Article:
All Quiet on the Western Front
“I am no longer a shuddering speck of existence, alone in the darkness;-I belong to them and they to me” (182). This is a thought that Paul Baumer has while he is across enemy lines and is separated from the rest of the group. He hears what he thinks are the voices of a few of the soldiers from his group. This gives him the strength to continue with his mission. Throughout the book Remarque uses a theme of comradeship to solidify the fact that for some time the soldiers were able to survive many extreme situations. Many of the close relationships began before the war even started. Paul attended school with Muller, Albert Kropp, Leer, Franz Kemmerich, and Josef Behm where they were persuaded to join the army by their teacher Kantorek. They formed a tight bond at the beginning which lasted until the last of them died. Through the course of the war Paul also meets Stanislaus Katczinsky, or Kat, and they become best friends. Even when on leave Paul feels alone even amongst his family. He misses his fellow soldiers and feels that no one at home understands him. Remarque illustrates the tight bond developed throughout the course of the war as a major theme.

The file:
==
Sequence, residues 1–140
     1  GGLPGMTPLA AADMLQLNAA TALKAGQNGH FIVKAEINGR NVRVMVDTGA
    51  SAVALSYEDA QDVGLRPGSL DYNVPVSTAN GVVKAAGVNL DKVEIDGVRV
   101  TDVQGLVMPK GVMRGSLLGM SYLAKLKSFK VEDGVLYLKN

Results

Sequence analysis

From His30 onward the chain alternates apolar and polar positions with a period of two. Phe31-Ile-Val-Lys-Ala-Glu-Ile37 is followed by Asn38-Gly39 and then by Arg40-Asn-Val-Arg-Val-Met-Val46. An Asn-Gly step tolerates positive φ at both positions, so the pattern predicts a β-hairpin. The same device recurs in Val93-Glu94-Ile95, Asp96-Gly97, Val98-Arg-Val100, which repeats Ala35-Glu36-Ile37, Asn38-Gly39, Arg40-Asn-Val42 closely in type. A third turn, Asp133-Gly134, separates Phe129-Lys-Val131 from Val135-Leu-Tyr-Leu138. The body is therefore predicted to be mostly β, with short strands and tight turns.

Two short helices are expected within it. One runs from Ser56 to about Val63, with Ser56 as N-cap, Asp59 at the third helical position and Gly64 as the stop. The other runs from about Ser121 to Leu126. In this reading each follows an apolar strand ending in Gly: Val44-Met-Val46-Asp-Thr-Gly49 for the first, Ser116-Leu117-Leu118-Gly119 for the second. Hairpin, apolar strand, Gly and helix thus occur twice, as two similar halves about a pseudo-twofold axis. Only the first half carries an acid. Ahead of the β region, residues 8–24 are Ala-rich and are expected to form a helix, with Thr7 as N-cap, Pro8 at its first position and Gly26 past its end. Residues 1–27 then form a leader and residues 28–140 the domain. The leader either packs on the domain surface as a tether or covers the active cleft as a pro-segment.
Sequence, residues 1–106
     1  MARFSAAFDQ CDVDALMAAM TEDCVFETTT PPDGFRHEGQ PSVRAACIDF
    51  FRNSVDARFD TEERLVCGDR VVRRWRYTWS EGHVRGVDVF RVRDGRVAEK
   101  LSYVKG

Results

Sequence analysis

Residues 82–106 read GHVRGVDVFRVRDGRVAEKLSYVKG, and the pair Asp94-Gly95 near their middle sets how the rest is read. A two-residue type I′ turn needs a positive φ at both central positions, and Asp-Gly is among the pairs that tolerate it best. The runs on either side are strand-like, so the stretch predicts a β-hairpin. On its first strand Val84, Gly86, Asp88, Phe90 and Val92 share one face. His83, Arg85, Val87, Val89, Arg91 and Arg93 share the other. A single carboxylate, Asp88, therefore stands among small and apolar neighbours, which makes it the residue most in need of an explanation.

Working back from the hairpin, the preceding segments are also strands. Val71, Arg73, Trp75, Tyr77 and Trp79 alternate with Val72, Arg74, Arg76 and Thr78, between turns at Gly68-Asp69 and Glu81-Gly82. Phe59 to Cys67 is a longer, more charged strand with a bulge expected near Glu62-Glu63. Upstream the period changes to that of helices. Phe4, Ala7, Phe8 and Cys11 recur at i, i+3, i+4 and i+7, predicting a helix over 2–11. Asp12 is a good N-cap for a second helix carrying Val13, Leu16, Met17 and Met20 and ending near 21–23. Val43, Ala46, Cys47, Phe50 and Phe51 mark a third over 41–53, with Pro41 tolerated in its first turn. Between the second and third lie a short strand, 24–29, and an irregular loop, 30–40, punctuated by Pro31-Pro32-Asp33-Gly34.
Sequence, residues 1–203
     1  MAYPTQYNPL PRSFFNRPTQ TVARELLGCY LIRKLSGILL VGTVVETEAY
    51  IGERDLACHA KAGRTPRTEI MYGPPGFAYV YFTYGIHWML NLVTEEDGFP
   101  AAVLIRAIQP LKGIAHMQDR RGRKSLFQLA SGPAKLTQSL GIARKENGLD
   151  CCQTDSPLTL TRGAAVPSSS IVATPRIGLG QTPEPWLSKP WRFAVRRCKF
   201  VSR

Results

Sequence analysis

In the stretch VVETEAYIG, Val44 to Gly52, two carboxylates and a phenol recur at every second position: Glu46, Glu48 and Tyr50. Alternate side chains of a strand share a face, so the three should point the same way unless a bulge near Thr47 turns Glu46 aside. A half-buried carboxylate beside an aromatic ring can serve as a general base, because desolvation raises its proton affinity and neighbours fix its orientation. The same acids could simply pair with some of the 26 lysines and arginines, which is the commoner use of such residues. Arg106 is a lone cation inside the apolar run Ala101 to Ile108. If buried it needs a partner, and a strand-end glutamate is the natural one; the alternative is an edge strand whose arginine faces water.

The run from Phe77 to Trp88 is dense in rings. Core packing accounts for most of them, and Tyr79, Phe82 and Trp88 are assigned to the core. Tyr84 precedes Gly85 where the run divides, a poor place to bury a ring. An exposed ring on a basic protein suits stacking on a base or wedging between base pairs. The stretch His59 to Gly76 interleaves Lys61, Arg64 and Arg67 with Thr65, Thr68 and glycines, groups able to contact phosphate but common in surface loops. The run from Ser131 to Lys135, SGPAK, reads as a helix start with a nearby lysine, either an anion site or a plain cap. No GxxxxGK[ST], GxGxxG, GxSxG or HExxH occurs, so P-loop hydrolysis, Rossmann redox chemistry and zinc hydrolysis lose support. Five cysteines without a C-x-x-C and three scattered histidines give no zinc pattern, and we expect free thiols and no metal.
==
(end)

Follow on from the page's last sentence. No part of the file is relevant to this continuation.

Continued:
Remarque is reporting about a generation of men who were destroyed by the war even though they escaped its shells. Students youth was cut short and ruin by war at age 20. They never had a chance for marriage, a wife, children, a career and nothing to come back into society He implies that he does not want to tell us about the war experiences of young people but wishes to justify the inability if young people to successfully cope life after war. No doubt that there is a generation that is ruined by war.
Remarque uses this running theme of comradeship to illustrate the fact that the battles do not only happen of/at the front. Many of the major battles happen within the men themselves. They rely on each other for help in overcoming these...